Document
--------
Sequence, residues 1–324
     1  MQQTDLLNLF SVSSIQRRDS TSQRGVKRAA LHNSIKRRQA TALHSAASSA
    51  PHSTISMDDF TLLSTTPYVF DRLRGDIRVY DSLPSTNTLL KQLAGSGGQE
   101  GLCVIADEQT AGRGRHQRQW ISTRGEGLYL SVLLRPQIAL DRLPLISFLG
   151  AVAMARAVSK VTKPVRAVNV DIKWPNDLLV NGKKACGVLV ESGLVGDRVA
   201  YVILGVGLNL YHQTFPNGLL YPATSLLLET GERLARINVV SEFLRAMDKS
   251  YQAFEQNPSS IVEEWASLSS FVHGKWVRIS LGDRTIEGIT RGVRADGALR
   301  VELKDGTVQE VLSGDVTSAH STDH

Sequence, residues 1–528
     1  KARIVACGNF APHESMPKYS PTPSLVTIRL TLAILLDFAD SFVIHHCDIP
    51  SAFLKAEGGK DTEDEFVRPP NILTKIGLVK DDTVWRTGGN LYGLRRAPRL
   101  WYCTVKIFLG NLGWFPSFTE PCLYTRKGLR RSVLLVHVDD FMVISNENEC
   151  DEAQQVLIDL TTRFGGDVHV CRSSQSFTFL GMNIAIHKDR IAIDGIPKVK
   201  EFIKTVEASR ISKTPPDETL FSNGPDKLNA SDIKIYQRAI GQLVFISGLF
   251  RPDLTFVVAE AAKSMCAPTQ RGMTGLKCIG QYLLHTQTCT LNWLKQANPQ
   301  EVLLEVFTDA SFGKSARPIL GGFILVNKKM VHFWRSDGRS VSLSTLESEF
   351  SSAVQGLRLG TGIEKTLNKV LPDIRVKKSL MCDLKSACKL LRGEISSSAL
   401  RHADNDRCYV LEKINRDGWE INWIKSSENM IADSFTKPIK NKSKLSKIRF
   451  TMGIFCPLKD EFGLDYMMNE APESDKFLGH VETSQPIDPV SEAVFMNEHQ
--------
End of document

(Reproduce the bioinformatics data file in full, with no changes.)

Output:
Sequence, residues 1–324
     1  MQQTDLLNLF SVSSIQRRDS TSQRGVKRAA LHNSIKRRQA TALHSAASSA
    51  PHSTISMDDF TLLSTTPYVF DRLRGDIRVY DSLPSTNTLL KQLAGSGGQE
   101  GLCVIADEQT AGRGRHQRQW ISTRGEGLYL SVLLRPQIAL DRLPLISFLG
   151  AVAMARAVSK VTKPVRAVNV DIKWPNDLLV NGKKACGVLV ESGLVGDRVA
   201  YVILGVGLNL YHQTFPNGLL YPATSLLLET GERLARINVV SEFLRAMDKS
   251  YQAFEQNPSS IVEEWASLSS FVHGKWVRIS LGDRTIEGIT RGVRADGALR
   301  VELKDGTVQE VLSGDVTSAH STDH

Sequence, residues 1–528
     1  KARIVACGNF APHESMPKYS PTPSLVTIRL TLAILLDFAD SFVIHHCDIP
    51  SAFLKAEGGK DTEDEFVRPP NILTKIGLVK DDTVWRTGGN LYGLRRAPRL
   101  WYCTVKIFLG NLGWFPSFTE PCLYTRKGLR RSVLLVHVDD FMVISNENEC
   151  DEAQQVLIDL TTRFGGDVHV CRSSQSFTFL GMNIAIHKDR IAIDGIPKVK
   201  EFIKTVEASR ISKTPPDETL FSNGPDKLNA SDIKIYQRAI GQLVFISGLF
   251  RPDLTFVVAE AAKSMCAPTQ RGMTGLKCIG QYLLHTQTCT LNWLKQANPQ
   301  EVLLEVFTDA SFGKSARPIL GGFILVNKKM VHFWRSDGRS VSLSTLESEF
   351  SSAVQGLRLG TGIEKTLNKV LPDIRVKKSL MCDLKSACKL LRGEISSSAL
   401  RHADNDRCYV LEKINRDGWE INWIKSSENM IADSFTKPIK NKSKLSKIRF
   451  TMGIFCPLKD EFGLDYMMNE APESDKFLGH VETSQPIDPV SEAVFMNEHQ